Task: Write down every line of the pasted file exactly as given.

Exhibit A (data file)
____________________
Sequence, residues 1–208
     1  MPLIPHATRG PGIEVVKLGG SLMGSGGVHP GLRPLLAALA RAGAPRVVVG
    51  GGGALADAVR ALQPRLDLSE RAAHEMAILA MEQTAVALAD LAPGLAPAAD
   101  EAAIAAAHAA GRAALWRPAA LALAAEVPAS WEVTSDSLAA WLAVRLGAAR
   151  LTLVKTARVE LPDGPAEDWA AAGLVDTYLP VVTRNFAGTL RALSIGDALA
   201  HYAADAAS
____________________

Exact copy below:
Sequence, residues 1–208
     1  MPLIPHATRG PGIEVVKLGG SLMGSGGVHP GLRPLLAALA RAGAPRVVVG
    51  GGGALADAVR ALQPRLDLSE RAAHEMAILA MEQTAVALAD LAPGLAPAAD
   101  EAAIAAAHAA GRAALWRPAA LALAAEVPAS WEVTSDSLAA WLAVRLGAAR
   151  LTLVKTARVE LPDGPAEDWA AAGLVDTYLP VVTRNFAGTL RALSIGDALA
   201  HYAADAAS